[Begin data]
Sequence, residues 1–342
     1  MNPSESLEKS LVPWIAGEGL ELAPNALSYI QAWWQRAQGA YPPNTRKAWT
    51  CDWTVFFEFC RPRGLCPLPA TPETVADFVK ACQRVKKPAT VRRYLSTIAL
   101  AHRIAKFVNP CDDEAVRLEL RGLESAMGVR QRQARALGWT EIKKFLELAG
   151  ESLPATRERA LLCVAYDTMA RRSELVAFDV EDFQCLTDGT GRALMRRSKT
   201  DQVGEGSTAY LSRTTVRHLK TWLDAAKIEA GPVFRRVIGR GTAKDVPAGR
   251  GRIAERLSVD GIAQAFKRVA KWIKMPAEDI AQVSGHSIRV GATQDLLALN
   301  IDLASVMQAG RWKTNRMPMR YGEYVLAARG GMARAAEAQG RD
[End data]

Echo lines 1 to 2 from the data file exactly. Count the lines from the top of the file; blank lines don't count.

Sequence, residues 1–342
     1  MNPSESLEKS LVPWIAGEGL ELAPNALSYI QAWWQRAQGA YPPNTRKAWT